Basil (Ocimum basilicum) is an herb that belongs to the mint family. It has a strong, herbal-spicy aroma and has been used since ancient times to strengthen and refresh the mind and heart, soothe the body, help restore mental alertness during times of fatigue and increase resistance against diseases.
When applied topically, as in a massage, basil essential oil can relax tired, aching muscles. It is one of the oils used in Raindrop Technique for that reason.
Basil’s name is derived from “basileum,” the Greek name for king. Back in the 16th century, basil leaves were powdered and inhaled to treat migraines and chest infections. Today, most people inhale the essential oil first, then apply it to the crown of their head.
Basil remains a common household remedy in traditional Asian Indian medicine, it’s soothing on insect bites and may help bronchitis and chest infections. It is considered a powerful antispasmodic, anti-infectious, antiviral, anti-inflammatory, antibacterial and a decongestant.
Basil essential oil draws its flavor and aroma from its primary chemical constituents of linalool, fenchol, methyl chavicol and eugenol, among others. As in all essential oils, basil can have widely different therapeutic actions, depending on its chemistry. For example, basil high in linalool or fenchol is primarily used for its antiseptic properties. Basil high in methyl chavicol is more anti-inflammatory than antiseptic. Basil high in eugenol has both anti-inflammatory and antiseptic effects.
High quality basil essential oil is wonderfully fragrant. It is said that when inhaled, basil essential oil may actually sharpen your sense of smell.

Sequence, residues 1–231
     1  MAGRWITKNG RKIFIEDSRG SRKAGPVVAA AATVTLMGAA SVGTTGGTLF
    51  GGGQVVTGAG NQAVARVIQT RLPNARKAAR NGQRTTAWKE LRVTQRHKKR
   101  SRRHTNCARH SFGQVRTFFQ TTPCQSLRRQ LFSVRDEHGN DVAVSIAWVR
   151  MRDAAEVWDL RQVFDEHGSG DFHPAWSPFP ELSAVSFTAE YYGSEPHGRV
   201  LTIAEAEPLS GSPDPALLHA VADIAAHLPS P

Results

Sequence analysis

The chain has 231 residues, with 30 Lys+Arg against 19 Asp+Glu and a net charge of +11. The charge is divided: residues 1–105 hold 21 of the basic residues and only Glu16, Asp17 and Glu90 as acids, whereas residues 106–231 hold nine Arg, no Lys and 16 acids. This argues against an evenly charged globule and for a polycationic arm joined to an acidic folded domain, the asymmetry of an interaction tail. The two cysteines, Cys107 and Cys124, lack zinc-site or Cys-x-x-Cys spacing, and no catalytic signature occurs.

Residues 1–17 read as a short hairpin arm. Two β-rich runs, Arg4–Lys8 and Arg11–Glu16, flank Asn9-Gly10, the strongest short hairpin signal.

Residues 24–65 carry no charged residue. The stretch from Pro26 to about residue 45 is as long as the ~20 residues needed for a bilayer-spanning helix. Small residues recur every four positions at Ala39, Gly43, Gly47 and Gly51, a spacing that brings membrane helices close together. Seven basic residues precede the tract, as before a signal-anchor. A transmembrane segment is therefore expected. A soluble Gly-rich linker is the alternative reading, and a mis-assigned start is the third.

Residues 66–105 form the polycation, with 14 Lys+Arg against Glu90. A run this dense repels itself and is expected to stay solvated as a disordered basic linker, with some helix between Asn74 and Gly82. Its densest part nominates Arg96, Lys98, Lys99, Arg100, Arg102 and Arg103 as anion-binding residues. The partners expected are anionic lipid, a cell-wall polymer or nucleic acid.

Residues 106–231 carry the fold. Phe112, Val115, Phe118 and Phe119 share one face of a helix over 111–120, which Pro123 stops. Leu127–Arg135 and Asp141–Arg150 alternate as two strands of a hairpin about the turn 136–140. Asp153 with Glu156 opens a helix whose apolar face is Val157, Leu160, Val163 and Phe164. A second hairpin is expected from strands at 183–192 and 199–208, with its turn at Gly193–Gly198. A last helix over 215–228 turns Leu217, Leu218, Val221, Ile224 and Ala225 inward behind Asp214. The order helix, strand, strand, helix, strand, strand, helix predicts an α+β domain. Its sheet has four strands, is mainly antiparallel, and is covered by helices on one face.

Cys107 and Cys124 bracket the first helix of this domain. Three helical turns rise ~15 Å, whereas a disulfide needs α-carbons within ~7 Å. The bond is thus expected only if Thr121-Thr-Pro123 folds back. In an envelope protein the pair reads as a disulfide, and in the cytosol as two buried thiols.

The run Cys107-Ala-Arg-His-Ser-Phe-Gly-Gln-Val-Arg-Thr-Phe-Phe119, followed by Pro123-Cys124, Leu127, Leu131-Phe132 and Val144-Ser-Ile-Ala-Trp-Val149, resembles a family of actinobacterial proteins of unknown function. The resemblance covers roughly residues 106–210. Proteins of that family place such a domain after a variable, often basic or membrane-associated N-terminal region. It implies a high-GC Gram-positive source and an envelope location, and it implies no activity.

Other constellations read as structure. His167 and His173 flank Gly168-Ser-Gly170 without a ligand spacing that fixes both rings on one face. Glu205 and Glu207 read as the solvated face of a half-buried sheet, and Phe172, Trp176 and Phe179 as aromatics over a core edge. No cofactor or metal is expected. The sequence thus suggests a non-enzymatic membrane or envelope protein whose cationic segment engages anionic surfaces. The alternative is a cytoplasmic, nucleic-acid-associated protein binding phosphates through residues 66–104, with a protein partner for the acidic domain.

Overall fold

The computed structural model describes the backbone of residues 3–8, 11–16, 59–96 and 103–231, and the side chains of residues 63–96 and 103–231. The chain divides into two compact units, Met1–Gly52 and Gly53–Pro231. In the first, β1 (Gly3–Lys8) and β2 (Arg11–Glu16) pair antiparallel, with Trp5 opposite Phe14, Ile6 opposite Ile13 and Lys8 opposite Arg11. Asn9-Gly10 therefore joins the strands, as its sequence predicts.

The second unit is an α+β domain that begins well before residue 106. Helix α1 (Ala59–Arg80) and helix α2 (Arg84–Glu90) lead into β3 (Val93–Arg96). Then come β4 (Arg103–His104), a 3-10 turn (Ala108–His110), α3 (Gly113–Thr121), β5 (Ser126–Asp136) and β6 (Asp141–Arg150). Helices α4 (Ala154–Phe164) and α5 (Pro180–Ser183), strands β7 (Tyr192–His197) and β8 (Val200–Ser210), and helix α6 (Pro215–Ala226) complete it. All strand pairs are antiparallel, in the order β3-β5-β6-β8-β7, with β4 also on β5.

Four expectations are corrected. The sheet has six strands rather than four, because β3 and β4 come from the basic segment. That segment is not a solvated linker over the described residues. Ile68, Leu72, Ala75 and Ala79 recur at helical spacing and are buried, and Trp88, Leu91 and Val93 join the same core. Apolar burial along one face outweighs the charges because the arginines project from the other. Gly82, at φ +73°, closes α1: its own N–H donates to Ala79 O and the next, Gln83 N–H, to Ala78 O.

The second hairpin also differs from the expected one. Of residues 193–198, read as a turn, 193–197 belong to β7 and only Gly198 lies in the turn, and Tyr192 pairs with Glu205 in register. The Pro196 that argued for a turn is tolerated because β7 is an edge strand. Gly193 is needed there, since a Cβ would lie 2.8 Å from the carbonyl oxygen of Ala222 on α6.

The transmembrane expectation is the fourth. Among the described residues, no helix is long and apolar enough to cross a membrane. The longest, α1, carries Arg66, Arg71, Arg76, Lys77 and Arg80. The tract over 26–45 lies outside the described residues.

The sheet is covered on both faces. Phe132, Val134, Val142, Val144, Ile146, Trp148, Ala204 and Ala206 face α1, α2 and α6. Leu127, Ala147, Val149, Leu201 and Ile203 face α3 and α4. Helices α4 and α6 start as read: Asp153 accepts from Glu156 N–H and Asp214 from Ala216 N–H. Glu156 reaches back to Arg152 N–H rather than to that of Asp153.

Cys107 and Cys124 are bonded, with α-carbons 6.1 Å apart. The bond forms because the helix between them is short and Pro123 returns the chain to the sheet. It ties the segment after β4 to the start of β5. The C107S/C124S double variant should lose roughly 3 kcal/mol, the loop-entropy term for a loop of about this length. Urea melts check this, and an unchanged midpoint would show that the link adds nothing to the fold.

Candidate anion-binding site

This must be true because a funny thing once happened after I used basil. After gardening all day, I rubbed basil essential oil on my sore shoulders. While standing outdoors and chatting with my neighbor a little later, the neighbor asked if I’d been cooking Italian food, since I smelled like pizza sauce… or maybe a salad full of basil, and it was making him hungry! (The neighbor’s words exactly).
That explains why Italian women used to wear basil to attract possible suitors! The way to many a man’s heart is through his stomach, and basil definitely stimulates thoughts of delicious foods. But I wonder if basil is also an aphrodisiac? Hmmm…
Basil oil is very high in antioxidants and has an approximate ORAC of 540,024 (TE/L). TE/L is expressed as micromole Trolox equivalent per liter.
How to use:
For stings and bites: Apply to tip of nose, on temples and on the sting location.
For mental fatigue, inhale slowly and deeply first, and then apply to crown of head, forehead, heart and navel.
Basil oil may be added to food or rice milk as a dietary supplement.
Dilution recommended for both topical and internal use. Dilute before using on sensitive areas such as the face, neck, genital area, etc. Keep out of reach of children. Avoid using on infants and very small children.
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* This statement has not been evaluated by the Food and Drug Administration. This product is not intended to diagnose, treat, cure, or prevent any disease.
Basil Essential Oil – 15 ml (Item No. 3500)